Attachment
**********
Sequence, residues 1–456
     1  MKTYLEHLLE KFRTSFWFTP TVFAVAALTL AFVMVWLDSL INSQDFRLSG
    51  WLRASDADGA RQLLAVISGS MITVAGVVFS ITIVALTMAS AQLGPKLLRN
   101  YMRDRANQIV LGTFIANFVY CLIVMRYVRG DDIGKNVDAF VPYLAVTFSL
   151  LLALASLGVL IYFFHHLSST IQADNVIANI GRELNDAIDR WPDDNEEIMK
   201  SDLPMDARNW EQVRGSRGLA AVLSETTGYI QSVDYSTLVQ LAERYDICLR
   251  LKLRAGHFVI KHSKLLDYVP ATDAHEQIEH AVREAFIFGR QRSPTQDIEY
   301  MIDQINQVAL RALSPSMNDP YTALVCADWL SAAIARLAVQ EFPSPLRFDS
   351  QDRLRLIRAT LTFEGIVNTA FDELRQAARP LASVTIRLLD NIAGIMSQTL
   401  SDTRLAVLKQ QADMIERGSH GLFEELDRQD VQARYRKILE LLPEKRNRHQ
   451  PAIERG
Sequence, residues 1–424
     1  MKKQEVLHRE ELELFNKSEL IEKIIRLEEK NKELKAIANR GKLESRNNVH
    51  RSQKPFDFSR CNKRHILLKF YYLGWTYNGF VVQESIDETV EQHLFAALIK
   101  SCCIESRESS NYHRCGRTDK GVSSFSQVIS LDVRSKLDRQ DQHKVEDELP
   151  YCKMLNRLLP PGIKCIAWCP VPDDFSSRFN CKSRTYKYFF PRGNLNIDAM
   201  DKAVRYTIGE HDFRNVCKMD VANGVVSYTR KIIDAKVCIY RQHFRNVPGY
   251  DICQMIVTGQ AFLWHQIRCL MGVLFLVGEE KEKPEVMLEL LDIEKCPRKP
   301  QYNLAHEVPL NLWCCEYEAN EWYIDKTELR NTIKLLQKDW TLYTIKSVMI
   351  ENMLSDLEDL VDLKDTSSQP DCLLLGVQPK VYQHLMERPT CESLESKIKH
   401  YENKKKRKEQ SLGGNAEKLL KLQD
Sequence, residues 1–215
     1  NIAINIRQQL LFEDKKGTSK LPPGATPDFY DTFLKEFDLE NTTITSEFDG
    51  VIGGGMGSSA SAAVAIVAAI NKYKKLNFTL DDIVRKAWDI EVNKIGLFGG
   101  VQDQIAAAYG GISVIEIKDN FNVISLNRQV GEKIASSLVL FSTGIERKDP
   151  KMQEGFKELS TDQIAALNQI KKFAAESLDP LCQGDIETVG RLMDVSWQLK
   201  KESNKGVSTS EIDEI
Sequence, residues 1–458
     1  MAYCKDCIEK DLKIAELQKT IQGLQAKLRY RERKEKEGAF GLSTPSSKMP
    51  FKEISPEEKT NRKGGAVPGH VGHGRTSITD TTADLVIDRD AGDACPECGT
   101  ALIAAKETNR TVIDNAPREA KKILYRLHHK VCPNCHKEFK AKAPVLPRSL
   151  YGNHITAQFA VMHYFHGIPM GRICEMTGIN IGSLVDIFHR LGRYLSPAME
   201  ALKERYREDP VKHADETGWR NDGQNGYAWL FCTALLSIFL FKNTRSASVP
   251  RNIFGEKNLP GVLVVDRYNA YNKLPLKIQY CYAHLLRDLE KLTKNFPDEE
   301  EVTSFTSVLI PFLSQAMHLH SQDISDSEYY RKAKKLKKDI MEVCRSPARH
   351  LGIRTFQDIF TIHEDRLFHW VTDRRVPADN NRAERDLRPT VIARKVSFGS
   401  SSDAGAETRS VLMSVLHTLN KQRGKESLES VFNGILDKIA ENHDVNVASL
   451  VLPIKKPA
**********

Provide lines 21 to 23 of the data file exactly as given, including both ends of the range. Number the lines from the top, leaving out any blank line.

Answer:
   401  YENKKKRKEQ SLGGNAEKLL KLQD
Sequence, residues 1–215
     1  NIAINIRQQL LFEDKKGTSK LPPGATPDFY DTFLKEFDLE NTTITSEFDG